United States District Court, D. Connecticut
RULING AND ORDER ON MOTION TO COMPEL ARBITRATION AND
STAY ALL PROCEEDINGS
A. BOLDEN UNITED STATES DISTRICT JUDGE.
April 23, 2018, Defendant Credit Acceptance Corporation
(“Credit Acceptance” or “CA”) filed a
motion to compel arbitration and stay all proceedings in this
action. Motion to Compel Arbitration, dated Apr. 23, 2018
(“CA Mot.”), ECF No. 20. Ruth Rowe and Horace
Rowe (“Plaintiffs”) have failed to file any
opposition to the motion for over seven months, and have not
responded to an Order to Show Cause directing any such
response to be filed by November 6, 2018.
explained below, because Mr. and Ms. Rowe's failure to
respond may be deemed sufficient cause to grant the motion,
and because the motion and pleadings do not provide any basis
for the Court to otherwise deny the motion, Credit
Acceptance's motion to compel arbitration and stay all
proceeding is GRANTED.
FACTUAL AND PROCEDURAL BACKGROUND
original transaction that gave rise to this litigation is not
in dispute. On September 24, 2016, Ruth Rowe and her son
Horace Rowe (“Plaintiffs”), both residents of
Bridgeport, Connecticut, entered into a Retail Installment
Contract to purchase a used 2007 BMW 3-series automobile from
Affordable Motors, Inc. (“Affordable Motors”), a
Connecticut corporation that operates an automobile
dealership in Bridgeport, Connecticut. See
Complaint, dated Sept. 23, 2017 (“Compl.”), ECF
No. 1, ¶¶ 2, 3, 9, 14-19; Memorandum of Law in
Support of CA Mot., dated Apr. 23, 2018 (“CA
Mem.”), annexed to CA Mot., ECF No. 20-1, at 2-3.
Credit Acceptance, a Michigan corporation, “was the
assignee of the contract and, under its terms, subject to all
claims and defenses that Plaintiffs could assert against
Affordable Motors up to the amounts paid.” Compl.
¶¶ 4, 25.
Rowes, however, allege, inter alia, that Affordable
Motors charged them a higher price than was advertised,
attempted to deliver a different BMW 3-series than the one
they had purchased, and-when the Rowes would not accept the
different vehicle-refused to refund the Rowes' deposit
and down payment. Id. ¶¶ 20-24, 26-35.
They further allege that after this, they contacted Credit
Acceptance, which stated it would investigate the matter.
Id. ¶ 36. The Rowes allege, however, that
Credit Acceptance subsequently claimed the Rowes had violated
the contract, “repossessed” and sold the
undelivered car, and began pursuing a $2, 271.62 deficiency
payment, plus fees, costs, and interest, against the Rowes.
Id. ¶¶ 37-43. The Rowes allege that Credit
Acceptance's actions have negatively affected their
credit rating, which they allege caused Mr. Rowe to be denied
student loans necessary to afford his college education.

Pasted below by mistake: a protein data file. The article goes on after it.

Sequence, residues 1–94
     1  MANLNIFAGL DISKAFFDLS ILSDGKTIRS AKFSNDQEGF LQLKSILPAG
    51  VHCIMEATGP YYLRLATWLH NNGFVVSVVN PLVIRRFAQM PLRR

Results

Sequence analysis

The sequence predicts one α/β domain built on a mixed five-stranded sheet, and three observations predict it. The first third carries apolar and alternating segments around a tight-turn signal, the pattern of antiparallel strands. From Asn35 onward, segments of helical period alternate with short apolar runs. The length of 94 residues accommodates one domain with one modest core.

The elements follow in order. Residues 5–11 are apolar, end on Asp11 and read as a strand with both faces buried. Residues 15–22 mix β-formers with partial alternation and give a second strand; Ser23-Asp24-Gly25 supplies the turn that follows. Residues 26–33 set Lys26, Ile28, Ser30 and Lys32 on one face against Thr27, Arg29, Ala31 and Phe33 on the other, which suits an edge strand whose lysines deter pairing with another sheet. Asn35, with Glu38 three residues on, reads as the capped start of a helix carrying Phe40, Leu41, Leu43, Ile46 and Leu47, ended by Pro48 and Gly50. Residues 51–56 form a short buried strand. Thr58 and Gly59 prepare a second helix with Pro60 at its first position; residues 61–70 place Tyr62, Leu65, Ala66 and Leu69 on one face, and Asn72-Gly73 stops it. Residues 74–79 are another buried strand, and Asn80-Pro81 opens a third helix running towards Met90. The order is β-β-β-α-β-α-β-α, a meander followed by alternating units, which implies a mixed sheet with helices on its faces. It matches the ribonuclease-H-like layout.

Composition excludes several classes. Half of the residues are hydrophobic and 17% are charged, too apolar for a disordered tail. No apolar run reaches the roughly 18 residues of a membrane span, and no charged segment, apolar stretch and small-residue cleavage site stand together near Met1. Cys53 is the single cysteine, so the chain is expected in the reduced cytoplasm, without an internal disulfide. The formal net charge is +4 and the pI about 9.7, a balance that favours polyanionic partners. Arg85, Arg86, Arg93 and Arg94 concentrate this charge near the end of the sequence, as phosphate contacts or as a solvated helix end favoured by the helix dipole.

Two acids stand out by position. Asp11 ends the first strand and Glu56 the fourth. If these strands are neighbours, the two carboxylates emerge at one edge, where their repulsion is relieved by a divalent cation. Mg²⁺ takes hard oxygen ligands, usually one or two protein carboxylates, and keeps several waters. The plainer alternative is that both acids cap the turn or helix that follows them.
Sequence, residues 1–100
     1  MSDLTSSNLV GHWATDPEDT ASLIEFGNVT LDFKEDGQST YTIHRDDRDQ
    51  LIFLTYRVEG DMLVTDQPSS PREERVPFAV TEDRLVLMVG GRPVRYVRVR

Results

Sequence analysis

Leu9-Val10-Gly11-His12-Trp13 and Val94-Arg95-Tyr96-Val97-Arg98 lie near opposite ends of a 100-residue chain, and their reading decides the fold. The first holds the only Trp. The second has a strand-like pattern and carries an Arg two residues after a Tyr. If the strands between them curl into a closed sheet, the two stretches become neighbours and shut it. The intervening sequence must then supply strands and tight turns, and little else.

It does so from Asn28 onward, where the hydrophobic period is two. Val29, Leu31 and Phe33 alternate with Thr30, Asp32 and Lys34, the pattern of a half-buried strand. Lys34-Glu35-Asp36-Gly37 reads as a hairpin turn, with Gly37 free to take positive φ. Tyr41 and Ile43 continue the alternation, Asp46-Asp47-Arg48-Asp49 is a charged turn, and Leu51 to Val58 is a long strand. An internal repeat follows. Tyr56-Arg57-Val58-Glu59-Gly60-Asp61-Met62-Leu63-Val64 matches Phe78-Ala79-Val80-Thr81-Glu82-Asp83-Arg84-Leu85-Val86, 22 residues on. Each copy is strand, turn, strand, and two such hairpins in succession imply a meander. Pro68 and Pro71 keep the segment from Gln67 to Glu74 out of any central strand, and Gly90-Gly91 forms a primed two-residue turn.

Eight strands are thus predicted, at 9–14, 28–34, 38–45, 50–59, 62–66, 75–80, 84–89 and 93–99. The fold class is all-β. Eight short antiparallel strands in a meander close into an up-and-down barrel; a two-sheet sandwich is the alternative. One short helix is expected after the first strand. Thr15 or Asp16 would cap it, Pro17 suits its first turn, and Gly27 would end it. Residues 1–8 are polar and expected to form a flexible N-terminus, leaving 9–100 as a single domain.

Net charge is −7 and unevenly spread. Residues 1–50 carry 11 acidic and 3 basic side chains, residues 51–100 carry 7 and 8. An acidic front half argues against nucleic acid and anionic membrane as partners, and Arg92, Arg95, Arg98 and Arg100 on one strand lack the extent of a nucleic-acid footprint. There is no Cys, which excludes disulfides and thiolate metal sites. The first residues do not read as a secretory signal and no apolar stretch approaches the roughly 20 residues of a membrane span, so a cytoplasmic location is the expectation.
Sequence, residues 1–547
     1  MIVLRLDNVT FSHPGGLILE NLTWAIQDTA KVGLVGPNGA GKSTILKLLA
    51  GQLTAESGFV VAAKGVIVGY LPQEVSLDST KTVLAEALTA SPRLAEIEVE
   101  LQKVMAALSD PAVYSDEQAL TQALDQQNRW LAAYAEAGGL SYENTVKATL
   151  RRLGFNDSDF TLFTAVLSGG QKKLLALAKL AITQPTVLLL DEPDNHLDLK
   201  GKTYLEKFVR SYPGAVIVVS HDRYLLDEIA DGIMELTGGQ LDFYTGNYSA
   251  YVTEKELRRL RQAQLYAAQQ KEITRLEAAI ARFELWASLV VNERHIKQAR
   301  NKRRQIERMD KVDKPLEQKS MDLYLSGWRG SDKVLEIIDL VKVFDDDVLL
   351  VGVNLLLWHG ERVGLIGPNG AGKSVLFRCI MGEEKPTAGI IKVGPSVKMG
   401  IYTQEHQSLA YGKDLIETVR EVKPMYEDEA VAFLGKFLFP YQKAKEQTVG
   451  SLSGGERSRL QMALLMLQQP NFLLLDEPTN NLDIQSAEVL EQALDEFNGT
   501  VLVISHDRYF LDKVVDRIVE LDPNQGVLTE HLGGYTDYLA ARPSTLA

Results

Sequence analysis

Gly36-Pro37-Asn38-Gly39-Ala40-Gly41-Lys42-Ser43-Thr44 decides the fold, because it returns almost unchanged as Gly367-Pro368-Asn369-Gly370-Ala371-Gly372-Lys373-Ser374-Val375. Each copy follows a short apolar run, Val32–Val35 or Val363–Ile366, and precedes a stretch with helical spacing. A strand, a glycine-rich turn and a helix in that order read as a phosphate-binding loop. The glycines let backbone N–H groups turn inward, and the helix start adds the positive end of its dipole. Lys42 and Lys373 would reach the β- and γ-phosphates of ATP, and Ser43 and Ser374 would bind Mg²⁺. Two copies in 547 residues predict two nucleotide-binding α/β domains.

Id. ¶¶ 44-45.
September 23, 2017, the Rowes sued Affordable Motors and
Credit Acceptance (“Defendants”), alleging that
Defendants' actions violated, inter alia,
express warranties to the Rowes, the Truth in Lending Act, 15
U.S.C. § 2301 et seq., the Connecticut Unfair
Trade Practices Act (“CUTPA”), Conn. Gen. Stat.
§ 42-110a et seq., and the Connecticut
Creditors Protection Act, Conn. Gen. Stat. § 36a-645
et seq. Id. ¶¶ 46-89. The Rowes seek
“actual damages, statutory damages, common law punitive
damages, statutory punitive damages, an order rescinding the
sale, attorney's fees and costs.” Id. at
significant period of delay, Affordable Motors and Credit
Acceptance were served on February 26, 2018 and March 8,
2018, respectively. See Summons Returned Executed,
filed Mar. 2, 2018, ECF No. 10; Summons Returned Executed,
filed Mar. 8, 2018, ECF No. 11. Defendants subsequently moved
for and were granted three extensions of time to answer,
move, or otherwise respond to the Complaint. See
Orders, dated Mar. 21, 2018, Mar. 27, 2018, and Apr. 22,
April 23, 2018, Credit Acceptance filed a motion to compel
arbitration and stay all proceedings in this action under
Sections 2 through 4 of the Federal Arbitration Act
(“FAA”). CA Mot. Credit Acceptance asserts that
Affordable Motors assigned all “right, title and
interest, including its security interest, in and to the
Contract and the Vehicle, ” to Credit Acceptance. CA
Mem. at 2.
Acceptance alleges that Plaintiffs agreed to be bound by an
arbitration clause contained in the Retail Installment
Contract. That provision states that either party (including
Credit Acceptance) “may require any Dispute to be
arbitrated and may do so before or after a lawsuit has been
started over the Dispute or with respect to other Disputes or
counterclaims brought later in the lawsuit.”
See Retail Installment Contract, dated Sept. 24,
2016 (“Contract”), annexed as Ex. A to Mem., ECF
No. 20-2, at 4-5.
Acceptance therefore contends that “since the parties
have unequivocally agreed that, after invocation by one of
the parties, whether before or after a lawsuit has been
started . . . any and all Disputes arising out of or in any
way related to the Contract should be resolved by binding
arbitration pursuant to the rules and procedures of either
[the American Arbitration Association] or JAMS, this Court
should compel arbitration and stay this action pending
arbitration.” CA Mem. at 5.
than six months have passed since Credit Acceptance moved to
compel arbitration, and no opposition has been filed. Based
on the lack of activity on the docket, Plaintiffs have ...